• Complete disorder is impossible: Some topics in Ramsey theory
    12:30 -13:30
    2022-10-12
    CMSA, 20 Garden Street, Cambridge, MA 02138 USA

    Colloquium

    Title: Complete disorder is impossible: Some topics in Ramsey theory

    Speaker: James Cummings, Carnegie Mellon University

    Abstract: The classical infinite Ramsey theorem states that if we colour pairs of natural numbers using two colours, there is an infinite set all of whose pairs get the same colour. This is the beginning of a rich theory, which touches on many areas of mathematics including graph theory, set theory and dynamics. I will give an overview of Ramsey theory, emphasizing the diverse ideas which are at play in this area.

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  • Colloquium: Title TBA
    12:30 -13:30
    2022-10-19
    CMSA, 20 Garden Street, Cambridge, MA 02138 USA

    Colloquium

  • Symmetric Mass Generation
    16:00 -17:30
    2022-10-19
    CMSA, 20 Garden Street, Cambridge, MA 02138 USA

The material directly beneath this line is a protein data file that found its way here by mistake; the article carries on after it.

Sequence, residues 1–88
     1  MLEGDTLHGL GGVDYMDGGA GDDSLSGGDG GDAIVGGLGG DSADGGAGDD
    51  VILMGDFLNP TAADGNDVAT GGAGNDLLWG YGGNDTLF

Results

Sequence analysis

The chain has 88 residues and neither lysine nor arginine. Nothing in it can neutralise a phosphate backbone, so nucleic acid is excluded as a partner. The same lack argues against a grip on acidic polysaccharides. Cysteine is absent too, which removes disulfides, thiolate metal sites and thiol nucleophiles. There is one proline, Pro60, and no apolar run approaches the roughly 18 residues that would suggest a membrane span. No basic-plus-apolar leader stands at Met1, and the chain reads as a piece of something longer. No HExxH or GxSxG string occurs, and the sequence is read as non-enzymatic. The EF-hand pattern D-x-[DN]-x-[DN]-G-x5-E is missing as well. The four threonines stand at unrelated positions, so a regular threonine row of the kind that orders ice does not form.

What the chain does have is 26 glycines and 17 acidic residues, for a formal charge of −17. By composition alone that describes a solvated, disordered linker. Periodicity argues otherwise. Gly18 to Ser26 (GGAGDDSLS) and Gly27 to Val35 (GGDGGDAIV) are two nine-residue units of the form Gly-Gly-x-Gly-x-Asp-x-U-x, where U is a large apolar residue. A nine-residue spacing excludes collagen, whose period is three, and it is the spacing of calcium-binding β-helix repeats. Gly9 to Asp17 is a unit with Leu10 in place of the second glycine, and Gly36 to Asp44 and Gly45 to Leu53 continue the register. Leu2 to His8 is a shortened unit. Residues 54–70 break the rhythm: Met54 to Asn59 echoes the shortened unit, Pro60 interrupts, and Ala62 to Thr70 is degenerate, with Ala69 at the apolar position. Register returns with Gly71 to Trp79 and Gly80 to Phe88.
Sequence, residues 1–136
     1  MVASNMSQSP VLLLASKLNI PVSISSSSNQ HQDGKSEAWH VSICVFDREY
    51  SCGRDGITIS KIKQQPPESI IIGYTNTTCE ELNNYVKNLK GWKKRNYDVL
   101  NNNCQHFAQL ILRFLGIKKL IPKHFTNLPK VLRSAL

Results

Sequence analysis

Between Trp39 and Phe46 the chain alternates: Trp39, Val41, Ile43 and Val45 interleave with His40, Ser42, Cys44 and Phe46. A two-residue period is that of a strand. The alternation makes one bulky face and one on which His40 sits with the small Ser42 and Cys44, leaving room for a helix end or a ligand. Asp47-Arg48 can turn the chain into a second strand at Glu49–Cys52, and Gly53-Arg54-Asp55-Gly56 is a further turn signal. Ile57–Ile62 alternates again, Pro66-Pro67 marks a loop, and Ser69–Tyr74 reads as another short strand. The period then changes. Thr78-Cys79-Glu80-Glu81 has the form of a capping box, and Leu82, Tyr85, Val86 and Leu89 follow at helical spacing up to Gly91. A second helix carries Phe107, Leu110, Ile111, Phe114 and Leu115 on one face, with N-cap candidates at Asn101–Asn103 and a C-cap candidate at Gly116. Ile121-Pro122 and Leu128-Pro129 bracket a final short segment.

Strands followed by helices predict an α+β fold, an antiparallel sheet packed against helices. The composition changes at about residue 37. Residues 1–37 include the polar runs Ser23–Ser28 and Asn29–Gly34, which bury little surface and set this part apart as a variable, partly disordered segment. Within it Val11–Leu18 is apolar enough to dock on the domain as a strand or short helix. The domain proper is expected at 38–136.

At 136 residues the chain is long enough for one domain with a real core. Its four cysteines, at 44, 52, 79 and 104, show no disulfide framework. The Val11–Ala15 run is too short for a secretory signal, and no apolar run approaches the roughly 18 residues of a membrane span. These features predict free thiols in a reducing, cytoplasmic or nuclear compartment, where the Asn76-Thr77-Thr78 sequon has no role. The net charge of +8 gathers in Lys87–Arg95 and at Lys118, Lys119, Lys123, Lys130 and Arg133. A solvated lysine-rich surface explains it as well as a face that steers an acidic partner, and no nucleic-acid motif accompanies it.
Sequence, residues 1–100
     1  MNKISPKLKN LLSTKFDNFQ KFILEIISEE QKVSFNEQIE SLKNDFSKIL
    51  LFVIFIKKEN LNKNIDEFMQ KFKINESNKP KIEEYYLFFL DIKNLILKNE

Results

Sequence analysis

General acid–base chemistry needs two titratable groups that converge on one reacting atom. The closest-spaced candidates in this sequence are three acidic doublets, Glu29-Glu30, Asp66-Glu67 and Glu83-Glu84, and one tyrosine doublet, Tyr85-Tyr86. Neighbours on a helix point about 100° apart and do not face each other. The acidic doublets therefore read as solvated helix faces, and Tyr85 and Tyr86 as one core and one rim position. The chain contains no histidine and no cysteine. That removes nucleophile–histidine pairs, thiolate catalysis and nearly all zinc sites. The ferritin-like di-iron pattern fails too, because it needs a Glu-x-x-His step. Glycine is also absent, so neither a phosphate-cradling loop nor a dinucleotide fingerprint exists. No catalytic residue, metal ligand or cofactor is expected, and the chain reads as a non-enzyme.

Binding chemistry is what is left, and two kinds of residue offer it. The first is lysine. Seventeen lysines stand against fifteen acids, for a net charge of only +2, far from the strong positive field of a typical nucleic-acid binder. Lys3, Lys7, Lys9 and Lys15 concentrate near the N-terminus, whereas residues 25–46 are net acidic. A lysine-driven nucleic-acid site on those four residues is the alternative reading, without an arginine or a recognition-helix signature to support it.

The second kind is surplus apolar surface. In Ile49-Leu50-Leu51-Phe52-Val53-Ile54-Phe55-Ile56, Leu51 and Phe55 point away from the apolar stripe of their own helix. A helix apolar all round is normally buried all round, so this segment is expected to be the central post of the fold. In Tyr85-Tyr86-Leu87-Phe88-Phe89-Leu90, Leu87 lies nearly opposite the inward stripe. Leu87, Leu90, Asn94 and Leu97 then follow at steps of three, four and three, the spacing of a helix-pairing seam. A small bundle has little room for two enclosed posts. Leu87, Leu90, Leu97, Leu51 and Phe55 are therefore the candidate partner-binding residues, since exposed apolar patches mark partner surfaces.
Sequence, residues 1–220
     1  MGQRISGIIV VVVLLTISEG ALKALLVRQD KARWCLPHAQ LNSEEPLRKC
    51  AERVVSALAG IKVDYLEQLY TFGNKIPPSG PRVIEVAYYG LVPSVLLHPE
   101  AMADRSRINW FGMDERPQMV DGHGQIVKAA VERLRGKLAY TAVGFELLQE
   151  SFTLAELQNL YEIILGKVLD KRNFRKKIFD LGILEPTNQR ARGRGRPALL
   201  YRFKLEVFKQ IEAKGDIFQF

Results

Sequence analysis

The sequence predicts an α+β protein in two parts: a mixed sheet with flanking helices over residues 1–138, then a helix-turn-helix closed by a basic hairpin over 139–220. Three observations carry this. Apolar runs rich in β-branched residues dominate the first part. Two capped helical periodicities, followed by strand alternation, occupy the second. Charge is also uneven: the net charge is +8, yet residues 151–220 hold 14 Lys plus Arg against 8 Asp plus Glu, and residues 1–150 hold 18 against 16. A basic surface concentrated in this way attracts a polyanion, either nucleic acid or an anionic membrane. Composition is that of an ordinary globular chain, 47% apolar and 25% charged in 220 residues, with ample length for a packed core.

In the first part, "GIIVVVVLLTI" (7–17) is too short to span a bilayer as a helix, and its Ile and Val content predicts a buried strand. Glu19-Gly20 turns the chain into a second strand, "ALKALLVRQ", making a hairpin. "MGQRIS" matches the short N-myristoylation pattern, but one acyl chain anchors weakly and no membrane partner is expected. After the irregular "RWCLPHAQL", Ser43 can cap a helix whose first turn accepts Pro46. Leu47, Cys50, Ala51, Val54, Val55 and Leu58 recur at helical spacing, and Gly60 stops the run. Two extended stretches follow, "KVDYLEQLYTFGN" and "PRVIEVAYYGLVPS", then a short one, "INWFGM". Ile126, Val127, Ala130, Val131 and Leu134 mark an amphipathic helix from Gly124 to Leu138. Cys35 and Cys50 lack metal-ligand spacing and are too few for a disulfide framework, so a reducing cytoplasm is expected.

Topological Quantum Matter Seminar

    Speaker: Yizhuang You, UC San Diego

    Title: Symmetric Mass Generation
    Abstract: Symmetric mass generation (SMG) is a novel mechanism for massless fermions to acquire a mass via a strong-coupling non-perturbative interaction effect. In contrast to the conventional Higgs mechanism for fermion mass generation, the SMG mechanism does not condense any fermion bilinear coupling and preserves the full symmetry. It is connected to a broad range of topics, including anomaly cancellation, topological phase classification, and chiral fermion regularization. In this talk, I will introduce SMG through toy models, and review the current understanding of the SMG transition. I will also mention recent numerical efforts to investigate the SMG phenomenon. I will conclude the talk with remarks on future directions.